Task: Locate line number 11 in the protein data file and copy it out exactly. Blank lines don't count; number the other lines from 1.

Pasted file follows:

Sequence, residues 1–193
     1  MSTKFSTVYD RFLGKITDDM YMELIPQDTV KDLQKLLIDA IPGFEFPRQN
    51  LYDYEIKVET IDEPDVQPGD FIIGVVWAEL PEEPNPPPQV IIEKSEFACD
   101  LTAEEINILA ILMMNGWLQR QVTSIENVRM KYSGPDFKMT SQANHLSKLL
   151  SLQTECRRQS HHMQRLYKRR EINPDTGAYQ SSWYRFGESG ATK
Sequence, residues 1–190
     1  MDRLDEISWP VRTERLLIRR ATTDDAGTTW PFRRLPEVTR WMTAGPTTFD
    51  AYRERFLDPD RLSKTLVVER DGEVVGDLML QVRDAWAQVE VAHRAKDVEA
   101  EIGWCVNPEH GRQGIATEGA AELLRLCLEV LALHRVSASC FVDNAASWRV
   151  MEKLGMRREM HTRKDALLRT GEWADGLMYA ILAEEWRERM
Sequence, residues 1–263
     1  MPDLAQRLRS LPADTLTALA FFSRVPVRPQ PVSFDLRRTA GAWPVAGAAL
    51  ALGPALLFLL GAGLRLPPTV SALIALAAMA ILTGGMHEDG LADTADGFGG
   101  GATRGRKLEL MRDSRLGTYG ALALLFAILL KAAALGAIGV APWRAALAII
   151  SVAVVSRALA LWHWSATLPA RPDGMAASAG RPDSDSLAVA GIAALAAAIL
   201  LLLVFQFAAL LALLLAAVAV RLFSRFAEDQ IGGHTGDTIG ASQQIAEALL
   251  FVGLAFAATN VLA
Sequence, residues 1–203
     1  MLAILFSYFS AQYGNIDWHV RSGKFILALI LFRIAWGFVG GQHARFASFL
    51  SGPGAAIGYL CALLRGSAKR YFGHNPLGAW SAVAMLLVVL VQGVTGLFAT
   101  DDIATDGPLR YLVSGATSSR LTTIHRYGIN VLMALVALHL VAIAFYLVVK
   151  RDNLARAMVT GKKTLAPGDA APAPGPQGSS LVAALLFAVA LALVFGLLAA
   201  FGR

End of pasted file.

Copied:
Sequence, residues 1–263